Honestly, this thing looks kinda awesome.


Tesla's long-awaited delivery event of its much-hyped Cybertruck was a bit of a dud, from a poorly rehearsed and downright half-assed presentation by CEO Elon Musk to the reveal of disappointing specs and much-higher-than-expected prices.

But the EV maker may have buried the lede with its presentation. Audience members of the delivery event got a tour of the company's Giga Factory in Austin, Texas, prior to the event.

And what really caught our attention wasn't the monstrous pickup truck itself — it was the Cybertruck-inspired "buggy for whizzing around," as described by YouTuber and motoring journalist Mat Watson in a recent video (3:47 minutes in) for the popular channel Carwow.

"Don't think it has the steer by wire or the rear axle steering," Watson joked, riffing on features of the full-size Cybertruck.

Much Better Deal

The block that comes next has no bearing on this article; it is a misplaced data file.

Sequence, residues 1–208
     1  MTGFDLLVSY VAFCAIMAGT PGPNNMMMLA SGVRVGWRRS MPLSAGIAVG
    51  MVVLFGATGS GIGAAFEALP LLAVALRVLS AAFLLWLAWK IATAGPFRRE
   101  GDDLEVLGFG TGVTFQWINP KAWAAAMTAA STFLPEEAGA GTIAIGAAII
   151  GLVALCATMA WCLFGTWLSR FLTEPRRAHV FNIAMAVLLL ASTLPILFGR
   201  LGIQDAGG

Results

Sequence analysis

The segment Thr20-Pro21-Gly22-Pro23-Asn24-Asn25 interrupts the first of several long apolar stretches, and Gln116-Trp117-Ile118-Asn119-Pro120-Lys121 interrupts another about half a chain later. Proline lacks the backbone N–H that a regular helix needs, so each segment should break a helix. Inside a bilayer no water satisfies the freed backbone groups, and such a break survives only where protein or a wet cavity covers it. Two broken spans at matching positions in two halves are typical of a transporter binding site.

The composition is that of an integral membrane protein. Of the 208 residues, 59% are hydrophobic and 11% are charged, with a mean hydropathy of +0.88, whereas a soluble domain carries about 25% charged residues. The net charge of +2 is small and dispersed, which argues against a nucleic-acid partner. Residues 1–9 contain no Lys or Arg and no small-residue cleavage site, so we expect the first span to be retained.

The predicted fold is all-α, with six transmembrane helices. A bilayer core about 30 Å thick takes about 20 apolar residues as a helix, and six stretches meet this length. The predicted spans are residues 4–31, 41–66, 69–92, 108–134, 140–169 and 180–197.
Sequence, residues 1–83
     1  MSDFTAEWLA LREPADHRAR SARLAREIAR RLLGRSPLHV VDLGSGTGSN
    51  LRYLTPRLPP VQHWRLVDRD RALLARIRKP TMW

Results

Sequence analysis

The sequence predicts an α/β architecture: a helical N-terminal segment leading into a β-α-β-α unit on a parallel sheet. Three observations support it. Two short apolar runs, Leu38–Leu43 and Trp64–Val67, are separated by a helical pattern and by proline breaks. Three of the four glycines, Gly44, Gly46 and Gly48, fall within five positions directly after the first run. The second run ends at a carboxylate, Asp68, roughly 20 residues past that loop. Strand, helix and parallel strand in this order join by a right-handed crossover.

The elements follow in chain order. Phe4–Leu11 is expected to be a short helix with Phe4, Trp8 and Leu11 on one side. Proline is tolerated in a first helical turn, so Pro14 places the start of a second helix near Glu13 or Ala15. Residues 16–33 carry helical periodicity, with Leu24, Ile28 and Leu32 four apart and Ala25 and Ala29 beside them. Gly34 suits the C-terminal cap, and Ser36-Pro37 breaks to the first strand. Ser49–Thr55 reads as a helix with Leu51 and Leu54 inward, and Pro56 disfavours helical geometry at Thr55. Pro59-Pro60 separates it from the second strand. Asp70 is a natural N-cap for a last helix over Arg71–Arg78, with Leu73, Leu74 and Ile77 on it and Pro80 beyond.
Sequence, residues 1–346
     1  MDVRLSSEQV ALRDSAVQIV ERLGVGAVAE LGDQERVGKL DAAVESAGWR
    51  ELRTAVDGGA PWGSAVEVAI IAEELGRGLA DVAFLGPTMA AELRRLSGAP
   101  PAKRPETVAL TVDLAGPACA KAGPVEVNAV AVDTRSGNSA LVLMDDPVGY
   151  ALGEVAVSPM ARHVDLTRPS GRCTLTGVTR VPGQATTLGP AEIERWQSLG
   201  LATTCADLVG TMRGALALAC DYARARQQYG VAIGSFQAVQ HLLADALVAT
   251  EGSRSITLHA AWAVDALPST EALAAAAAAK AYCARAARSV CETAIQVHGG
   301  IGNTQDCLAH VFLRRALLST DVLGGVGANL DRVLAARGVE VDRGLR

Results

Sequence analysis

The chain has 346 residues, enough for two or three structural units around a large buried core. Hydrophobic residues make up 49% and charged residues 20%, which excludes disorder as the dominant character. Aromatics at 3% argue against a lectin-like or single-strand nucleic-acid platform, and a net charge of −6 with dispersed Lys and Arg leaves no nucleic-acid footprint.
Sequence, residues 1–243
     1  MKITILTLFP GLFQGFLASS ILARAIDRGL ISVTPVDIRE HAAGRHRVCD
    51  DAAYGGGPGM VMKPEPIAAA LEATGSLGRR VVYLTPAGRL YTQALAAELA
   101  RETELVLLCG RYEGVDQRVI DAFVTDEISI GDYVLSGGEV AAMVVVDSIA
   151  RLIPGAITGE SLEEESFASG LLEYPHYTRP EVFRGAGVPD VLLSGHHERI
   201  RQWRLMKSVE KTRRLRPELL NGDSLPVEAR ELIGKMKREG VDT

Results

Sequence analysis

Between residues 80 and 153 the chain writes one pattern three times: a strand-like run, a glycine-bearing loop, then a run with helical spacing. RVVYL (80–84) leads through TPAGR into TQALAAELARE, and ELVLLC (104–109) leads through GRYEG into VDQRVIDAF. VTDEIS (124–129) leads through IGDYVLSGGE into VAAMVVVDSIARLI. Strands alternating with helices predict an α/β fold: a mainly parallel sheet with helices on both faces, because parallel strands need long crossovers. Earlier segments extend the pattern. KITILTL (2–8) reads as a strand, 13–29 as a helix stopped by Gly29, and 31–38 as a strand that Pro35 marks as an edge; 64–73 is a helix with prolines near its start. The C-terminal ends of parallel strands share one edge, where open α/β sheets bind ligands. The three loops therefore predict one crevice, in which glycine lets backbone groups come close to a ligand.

There's a lot we don't know about the little cart, and chances are Tesla isn't ever planning on mass-producing it — which is a huge bummer, if you ask us.

Judging by pictures of the golf cart-sized vehicle that have been circulating on social media, it can ferry up to six people around the factory's vast halls and is reminiscent of the kind of people carriers that shuttle travelers through airport terminals.

Much like its much bigger cousin, the cart appears to have a scaled-down exoskeleton of bent stainless steel panels and even a sleek lightbar across the front.

Credit: Carwow via YouTube

Given the sheer size of Giga Texas, we can't blame the carmaker for coming up with a solution to get workers across its extensive halls. The building itself has over 10 million square feet of floor space, the equivalent of around 100 football fields or 15 city blocks, making it the second-largest building by volume in the world, according to The Verge.

It's also just shy of an entire mile in length — a distance we'd much rather cover while sitting in a mini Cybertruck than on our feet.

We can't help but stan Tesla's little Cybercart, and as far as we're concerned, we'd much rather have it roaming public streets than the full-scale pickup truck monstrosity it was inspired by.

More on the Cybertruck: Aha! There's an All-Black Cybertruck

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